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BRCA1 and BRCA2 Mutations Yield Better Prognosis in Ovarian Cancer Patients

Ben Leach
Published: Wednesday, Jan 25, 2012

BRCA1/2 LocationsThe strongest known genetic risk factors for developing ovarian cancer led to better overall survival after 5 years, according to a study published on Wednesday in the Journal of the American Medical Association.

Germline mutations in the BRCA1 and BRCA2 tumor suppressor genes are found in 6% to 15% of patients with epithelial ovarian cancer (EOC). In general, patients who express these mutations are more likely to be diagnosed with a higher grade and advanced stage of the disease. However, this latest study suggests that those same patients have a better overall prognosis.

The authors performed a pooled analysis of 26 observational studies on the survival of women with ovarian cancer and compared the survival of 909 EOC patients with a BRCA1 mutation and 304 patients with a BRCA2 mutation to 2666 noncarriers who were observed between 1987 and 2010.

In patients who carried the BRCA1 mutation, the 5-year overall survival (OS) rate was 44% (95% CI, 40%-48%); in patients with BRCA2, 5-year OS was 52% (95% CI, 46%-58%). Compared with noncarriers, these rates were statistically significantly (P < .001 for both). Overall survival in noncarriers was 36% (95% CI, 34%-38%). After adjustment for study site and year of diagnosis, both BRCA1 and BRCA2 carriers demonstrated more favorable survival than noncarriers: for BRCA1, 0.78 hazard ratio (HR), (95% CI, 0.68-0.89, P < .001); for BRCA2, HR 0.61 (95% CI, 0.50-0.76, P < .001).

However, when the results were stratified based on the grade and adjusted for other prognostic factors, a survival advantage was not found for patients with low-grade disease in both BRCA1 (HR 2.66; 95% CI, 0.86-8.17, P = .9) and BRCA2 (HR 3.86; 95% CI, 0.59-25.15, P = .16) versus noncarriers. The researchers note that these results were based on small numbers and that larger studies are needed to confirm them, but they suggest that “disruptions of the BRCA1/2 pathways may not be as important in the etiology of these tumors, supporting evidence of etiologic heterogeneity between high- and low-grade serous carcinomas from other studies.”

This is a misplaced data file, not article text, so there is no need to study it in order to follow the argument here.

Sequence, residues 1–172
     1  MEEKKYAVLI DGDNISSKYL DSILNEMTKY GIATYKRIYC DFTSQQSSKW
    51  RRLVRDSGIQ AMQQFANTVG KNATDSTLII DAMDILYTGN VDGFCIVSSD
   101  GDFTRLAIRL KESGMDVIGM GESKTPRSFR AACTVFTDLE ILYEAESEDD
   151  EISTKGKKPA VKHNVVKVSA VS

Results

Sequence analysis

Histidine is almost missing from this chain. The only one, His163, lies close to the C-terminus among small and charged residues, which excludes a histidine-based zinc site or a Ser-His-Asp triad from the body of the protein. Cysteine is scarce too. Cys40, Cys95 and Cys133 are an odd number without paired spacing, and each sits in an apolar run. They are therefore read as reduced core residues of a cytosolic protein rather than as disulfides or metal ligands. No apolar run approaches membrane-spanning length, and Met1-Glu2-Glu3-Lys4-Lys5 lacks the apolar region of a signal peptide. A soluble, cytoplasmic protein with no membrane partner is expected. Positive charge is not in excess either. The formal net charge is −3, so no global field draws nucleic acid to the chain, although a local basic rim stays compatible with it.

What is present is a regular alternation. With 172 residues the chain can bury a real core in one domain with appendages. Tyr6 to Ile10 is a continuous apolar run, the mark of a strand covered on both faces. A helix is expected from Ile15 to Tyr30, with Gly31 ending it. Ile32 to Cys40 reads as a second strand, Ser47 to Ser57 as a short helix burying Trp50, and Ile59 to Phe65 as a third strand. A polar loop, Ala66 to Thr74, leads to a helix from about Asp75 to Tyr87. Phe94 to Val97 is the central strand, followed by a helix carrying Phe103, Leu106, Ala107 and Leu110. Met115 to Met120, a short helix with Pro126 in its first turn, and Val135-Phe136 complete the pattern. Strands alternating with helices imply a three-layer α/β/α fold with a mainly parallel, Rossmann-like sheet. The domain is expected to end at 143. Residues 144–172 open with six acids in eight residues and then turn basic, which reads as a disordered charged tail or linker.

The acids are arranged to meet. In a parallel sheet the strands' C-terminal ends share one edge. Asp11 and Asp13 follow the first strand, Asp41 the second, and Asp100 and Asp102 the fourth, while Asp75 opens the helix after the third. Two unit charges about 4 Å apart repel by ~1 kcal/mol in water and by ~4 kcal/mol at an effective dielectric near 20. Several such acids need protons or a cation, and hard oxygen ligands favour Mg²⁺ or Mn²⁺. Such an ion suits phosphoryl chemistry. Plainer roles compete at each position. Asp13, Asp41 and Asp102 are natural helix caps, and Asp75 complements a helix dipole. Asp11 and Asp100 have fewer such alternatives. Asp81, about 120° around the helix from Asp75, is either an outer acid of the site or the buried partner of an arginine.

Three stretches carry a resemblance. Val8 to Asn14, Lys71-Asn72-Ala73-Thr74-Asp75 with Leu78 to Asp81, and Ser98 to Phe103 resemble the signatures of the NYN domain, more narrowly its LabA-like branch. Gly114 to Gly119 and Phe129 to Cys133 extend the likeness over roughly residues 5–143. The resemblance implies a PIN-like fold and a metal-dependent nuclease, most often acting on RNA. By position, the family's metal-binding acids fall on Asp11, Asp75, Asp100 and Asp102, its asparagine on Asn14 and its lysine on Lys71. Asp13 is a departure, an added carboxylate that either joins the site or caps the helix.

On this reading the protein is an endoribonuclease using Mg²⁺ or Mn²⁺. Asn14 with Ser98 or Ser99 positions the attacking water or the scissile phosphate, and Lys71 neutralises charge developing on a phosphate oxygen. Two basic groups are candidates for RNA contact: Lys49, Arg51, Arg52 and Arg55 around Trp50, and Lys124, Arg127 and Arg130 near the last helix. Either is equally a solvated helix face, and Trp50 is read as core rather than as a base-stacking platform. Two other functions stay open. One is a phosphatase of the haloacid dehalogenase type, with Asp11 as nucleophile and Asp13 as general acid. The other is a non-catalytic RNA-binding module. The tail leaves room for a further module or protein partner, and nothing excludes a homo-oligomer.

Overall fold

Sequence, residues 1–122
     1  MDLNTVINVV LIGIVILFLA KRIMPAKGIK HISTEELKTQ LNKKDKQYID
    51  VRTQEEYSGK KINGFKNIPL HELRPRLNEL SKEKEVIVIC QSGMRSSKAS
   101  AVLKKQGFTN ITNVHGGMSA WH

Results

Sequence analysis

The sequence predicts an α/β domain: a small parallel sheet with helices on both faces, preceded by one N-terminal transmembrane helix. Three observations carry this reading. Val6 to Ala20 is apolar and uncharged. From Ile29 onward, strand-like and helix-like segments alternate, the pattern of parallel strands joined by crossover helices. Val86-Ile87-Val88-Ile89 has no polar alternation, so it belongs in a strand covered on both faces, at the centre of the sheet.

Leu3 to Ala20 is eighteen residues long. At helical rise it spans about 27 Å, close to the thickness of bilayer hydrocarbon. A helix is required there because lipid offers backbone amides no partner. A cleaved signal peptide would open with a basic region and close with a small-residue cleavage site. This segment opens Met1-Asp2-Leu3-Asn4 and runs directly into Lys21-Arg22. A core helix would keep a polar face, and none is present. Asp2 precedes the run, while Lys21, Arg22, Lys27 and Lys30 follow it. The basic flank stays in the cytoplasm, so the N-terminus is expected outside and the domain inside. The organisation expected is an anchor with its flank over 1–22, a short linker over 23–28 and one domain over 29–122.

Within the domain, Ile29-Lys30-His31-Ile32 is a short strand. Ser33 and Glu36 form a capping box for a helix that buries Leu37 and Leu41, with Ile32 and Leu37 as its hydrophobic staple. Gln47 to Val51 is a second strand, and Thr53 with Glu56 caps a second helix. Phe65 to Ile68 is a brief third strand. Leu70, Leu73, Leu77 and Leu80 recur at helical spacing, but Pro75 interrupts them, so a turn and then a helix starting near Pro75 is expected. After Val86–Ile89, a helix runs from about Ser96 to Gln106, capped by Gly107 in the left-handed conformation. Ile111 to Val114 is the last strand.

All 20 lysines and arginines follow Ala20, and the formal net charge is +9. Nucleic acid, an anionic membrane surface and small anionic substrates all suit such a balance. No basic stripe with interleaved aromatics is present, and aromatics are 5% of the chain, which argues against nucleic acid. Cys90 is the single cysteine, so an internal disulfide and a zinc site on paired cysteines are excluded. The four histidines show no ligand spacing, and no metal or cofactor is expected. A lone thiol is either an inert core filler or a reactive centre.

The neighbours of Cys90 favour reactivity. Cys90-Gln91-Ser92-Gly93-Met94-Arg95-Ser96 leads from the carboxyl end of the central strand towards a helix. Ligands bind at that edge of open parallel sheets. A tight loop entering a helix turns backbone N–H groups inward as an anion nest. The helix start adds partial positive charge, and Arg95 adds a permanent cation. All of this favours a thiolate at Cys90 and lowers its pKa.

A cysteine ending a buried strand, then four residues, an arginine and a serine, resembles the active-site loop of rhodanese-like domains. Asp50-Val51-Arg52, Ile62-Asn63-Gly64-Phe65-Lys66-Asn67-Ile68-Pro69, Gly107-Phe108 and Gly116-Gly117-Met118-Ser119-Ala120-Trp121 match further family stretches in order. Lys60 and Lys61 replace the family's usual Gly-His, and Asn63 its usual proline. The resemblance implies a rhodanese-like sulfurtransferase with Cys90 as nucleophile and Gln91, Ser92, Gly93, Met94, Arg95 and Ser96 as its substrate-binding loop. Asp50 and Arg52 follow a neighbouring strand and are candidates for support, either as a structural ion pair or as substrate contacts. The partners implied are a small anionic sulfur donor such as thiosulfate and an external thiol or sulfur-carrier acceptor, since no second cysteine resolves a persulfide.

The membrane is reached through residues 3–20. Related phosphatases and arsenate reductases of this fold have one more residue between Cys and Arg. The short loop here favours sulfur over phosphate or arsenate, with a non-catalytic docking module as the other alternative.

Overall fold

For the overall study results, the authors suggest that improved survival for BRCA1 and BRCA2 carriers versus noncarriers could be due to biological differences, their response to therapeutic agents, or a combination of the two. In addition, BRCA1/2 carriers could also have differences in aspects of tumor biology not measured in this study.

The analysis is based on a heterogenous study population, which is both a strength and a weakness, according to the authors, since the pooled trials included women of different ethnic groups and used different methods of mutation screening and case ascertainment. Although the large sample size from the pooled trials allowed for an analysis of survival rates, the differences in study designs and populations “may limit the specificity of the conclusions.”
Bolton KL, Chenevix- Trench G, Goh C, et al. Association between BRCA1 and BRCA2 mutations and survival in women with invasive endothelial ovarian cancer. JAMA. 2012;307(4):382-389. doi:10.1001/jama.2012.20



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